Fundamentally, the bill ignores that, since the expiration of Article 10, Federal and New York State agencies already have taken significant steps to reduce the impact of power plant operations on the environment. For example, A.8696-A would lower further the emission reduction standard for nitrogen oxides (NOx), despite the fact the New York State Department of Environmental Conservation (DEC) completed three major rulemakings this year to control further this emission category, including: 1) promulgation of its version of the federal Clean Air Interstate Rule to reduce emissions of sulfur dioxide and NOx; 2) adoption of its Best Available Retrofit Technology (BART) Determinations Rule; and 3) its Reasonably Available Control Technology for the Control of Nitrogen Oxides (NOx RACT) . The DEC also has promulgated its Clean Air Mercury Rule in a stricter manner than Federal requirements and has policies in place to address fine particulate matter (PM 2.5) and environmental justice. In addition, New York State generators participate in the Regional Greenhouse Gas Initiative designed to reduce emissions of carbon dioxide in the Northeast.

It is important to note, that of even greater potential impact on emissions, is Governor Patersons Executive Order #24 which establishes a goal to reduce greenhouse gas emissions in New York State by 80 percent below the levels emitted in 1990 by the year 2050, with a directive to prepare a draft Climate Action Plan by November 1, 2010. In spite of all of these actions, A.8696-A would require additional environmental controls to be installed by power producers.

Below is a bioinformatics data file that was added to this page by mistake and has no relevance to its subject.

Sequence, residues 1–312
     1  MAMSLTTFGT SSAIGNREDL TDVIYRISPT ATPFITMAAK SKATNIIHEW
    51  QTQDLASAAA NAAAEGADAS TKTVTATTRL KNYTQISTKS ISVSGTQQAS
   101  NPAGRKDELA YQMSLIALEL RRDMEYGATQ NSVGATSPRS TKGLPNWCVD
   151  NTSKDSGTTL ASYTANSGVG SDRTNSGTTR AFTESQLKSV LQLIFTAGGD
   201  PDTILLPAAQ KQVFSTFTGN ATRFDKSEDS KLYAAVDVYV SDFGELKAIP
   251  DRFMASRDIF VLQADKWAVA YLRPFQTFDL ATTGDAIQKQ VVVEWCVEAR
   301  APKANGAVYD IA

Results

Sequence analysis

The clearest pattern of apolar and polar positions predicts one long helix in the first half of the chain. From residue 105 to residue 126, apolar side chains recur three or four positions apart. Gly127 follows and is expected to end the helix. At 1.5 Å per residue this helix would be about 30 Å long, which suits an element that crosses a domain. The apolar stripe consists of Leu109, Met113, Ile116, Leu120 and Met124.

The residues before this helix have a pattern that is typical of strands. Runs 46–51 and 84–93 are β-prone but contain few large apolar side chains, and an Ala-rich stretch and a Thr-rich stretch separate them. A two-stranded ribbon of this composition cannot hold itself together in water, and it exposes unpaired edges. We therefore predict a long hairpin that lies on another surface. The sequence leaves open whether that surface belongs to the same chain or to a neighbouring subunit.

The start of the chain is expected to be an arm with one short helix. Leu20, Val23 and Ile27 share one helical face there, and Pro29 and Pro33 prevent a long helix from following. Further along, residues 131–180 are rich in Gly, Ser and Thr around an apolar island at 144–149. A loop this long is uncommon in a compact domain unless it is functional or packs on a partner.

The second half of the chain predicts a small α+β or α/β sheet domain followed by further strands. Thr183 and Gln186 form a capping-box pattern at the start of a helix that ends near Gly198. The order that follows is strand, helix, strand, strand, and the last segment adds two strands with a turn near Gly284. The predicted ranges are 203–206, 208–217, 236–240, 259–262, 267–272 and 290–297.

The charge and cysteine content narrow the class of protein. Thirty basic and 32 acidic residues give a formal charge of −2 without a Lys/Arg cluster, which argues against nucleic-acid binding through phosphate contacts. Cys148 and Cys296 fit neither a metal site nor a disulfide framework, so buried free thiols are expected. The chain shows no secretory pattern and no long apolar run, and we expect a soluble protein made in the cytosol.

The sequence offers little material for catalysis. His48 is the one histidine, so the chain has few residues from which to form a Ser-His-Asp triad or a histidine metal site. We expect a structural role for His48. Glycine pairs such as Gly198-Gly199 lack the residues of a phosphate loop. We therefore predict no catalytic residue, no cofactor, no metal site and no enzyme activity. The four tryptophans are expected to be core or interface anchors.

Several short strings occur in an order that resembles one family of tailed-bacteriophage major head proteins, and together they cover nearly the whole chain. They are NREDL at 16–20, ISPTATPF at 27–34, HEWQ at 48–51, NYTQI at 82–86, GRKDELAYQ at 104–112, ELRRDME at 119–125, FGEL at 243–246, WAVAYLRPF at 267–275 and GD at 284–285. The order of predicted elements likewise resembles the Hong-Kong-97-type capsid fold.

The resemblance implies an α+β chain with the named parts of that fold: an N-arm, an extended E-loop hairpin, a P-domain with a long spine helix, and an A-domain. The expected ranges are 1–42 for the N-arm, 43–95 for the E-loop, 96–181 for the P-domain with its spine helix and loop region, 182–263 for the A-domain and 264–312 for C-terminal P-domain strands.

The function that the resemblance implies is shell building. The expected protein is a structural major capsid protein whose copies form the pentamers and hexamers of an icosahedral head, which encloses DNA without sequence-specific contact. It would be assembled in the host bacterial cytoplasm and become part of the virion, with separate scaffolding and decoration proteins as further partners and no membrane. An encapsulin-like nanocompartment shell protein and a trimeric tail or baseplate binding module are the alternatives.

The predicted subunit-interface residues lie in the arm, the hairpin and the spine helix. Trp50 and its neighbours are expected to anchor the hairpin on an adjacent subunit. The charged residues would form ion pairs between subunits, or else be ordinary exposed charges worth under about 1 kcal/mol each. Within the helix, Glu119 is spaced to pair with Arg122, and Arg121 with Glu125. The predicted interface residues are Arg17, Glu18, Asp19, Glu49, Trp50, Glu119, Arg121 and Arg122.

The Article 10 process is intended to facilitate the power project activities, such as those resulting from the governors climate change directive and other state requirements; however, A.8696-A will have the opposite outcome. In particular, the bill discourages repowering projects. IPPNY had suggested that the original version of this bill be revised to acknowledge that many existing generating units have invested in emission controls that would make an additional 75 percent emission reduction, beyond those levels achieved by the controls, impossible to achieve. However, instead of updating the definition of a repowering project in a more workable manner, A.8696-A completely removes the language for a streamlined review of repowering projects.

Furthermore, although its provisions are otherwise more fuel-neutral than prior Assembly proposals, the legislation creates a disadvantage for some technologies, by requiring specific fees for facilities involving a fuel waste byproduct, above and beyond the Intervenor Fund fees that are much higher than those from the expired law. As a result, the bill reduces the states ability to obtain fuel-diverse electricity supplies to help maintain electric system reliability. The Article 10 siting process should be fuel and technology neutral in all aspects, in order for the competitive marketplace to determine which types of facilities will provide electricity most efficiently.